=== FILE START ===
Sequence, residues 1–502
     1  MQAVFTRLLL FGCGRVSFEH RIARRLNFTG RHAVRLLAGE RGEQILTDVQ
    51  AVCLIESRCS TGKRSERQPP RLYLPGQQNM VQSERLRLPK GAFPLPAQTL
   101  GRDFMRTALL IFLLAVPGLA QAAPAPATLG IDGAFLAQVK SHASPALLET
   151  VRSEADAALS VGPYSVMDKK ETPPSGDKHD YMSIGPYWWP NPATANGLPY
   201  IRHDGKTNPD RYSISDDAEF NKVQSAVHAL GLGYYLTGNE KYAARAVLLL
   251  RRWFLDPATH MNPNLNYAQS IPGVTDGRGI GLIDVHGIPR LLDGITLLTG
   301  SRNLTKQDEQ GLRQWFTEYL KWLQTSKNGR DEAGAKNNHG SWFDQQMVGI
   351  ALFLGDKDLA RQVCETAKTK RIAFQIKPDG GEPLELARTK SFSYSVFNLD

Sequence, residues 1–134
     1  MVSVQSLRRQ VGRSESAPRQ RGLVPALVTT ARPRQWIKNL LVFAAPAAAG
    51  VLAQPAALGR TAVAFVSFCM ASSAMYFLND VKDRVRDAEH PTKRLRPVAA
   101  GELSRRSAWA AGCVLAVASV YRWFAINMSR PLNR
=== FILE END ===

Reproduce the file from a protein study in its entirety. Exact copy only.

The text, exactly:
Sequence, residues 1–502
     1  MQAVFTRLLL FGCGRVSFEH RIARRLNFTG RHAVRLLAGE RGEQILTDVQ
    51  AVCLIESRCS TGKRSERQPP RLYLPGQQNM VQSERLRLPK GAFPLPAQTL
   101  GRDFMRTALL IFLLAVPGLA QAAPAPATLG IDGAFLAQVK SHASPALLET
   151  VRSEADAALS VGPYSVMDKK ETPPSGDKHD YMSIGPYWWP NPATANGLPY
   201  IRHDGKTNPD RYSISDDAEF NKVQSAVHAL GLGYYLTGNE KYAARAVLLL
   251  RRWFLDPATH MNPNLNYAQS IPGVTDGRGI GLIDVHGIPR LLDGITLLTG
   301  SRNLTKQDEQ GLRQWFTEYL KWLQTSKNGR DEAGAKNNHG SWFDQQMVGI
   351  ALFLGDKDLA RQVCETAKTK RIAFQIKPDG GEPLELARTK SFSYSVFNLD

Sequence, residues 1–134
     1  MVSVQSLRRQ VGRSESAPRQ RGLVPALVTT ARPRQWIKNL LVFAAPAAAG
    51  VLAQPAALGR TAVAFVSFCM ASSAMYFLND VKDRVRDAEH PTKRLRPVAA
   101  GELSRRSAWA AGCVLAVASV YRWFAINMSR PLNR